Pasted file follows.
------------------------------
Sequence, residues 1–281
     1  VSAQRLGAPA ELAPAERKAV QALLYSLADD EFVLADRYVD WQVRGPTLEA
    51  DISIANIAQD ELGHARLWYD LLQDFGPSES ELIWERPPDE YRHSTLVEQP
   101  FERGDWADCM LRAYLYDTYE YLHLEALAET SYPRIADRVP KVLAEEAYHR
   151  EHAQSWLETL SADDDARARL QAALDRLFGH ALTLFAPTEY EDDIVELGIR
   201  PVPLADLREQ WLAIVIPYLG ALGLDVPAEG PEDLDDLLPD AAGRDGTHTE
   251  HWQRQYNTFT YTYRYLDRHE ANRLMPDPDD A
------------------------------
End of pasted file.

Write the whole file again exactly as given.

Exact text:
Sequence, residues 1–281
     1  VSAQRLGAPA ELAPAERKAV QALLYSLADD EFVLADRYVD WQVRGPTLEA
    51  DISIANIAQD ELGHARLWYD LLQDFGPSES ELIWERPPDE YRHSTLVEQP
   101  FERGDWADCM LRAYLYDTYE YLHLEALAET SYPRIADRVP KVLAEEAYHR
   151  EHAQSWLETL SADDDARARL QAALDRLFGH ALTLFAPTEY EDDIVELGIR
   201  PVPLADLREQ WLAIVIPYLG ALGLDVPAEG PEDLDDLLPD AAGRDGTHTE
   251  HWQRQYNTFT YTYRYLDRHE ANRLMPDPDD A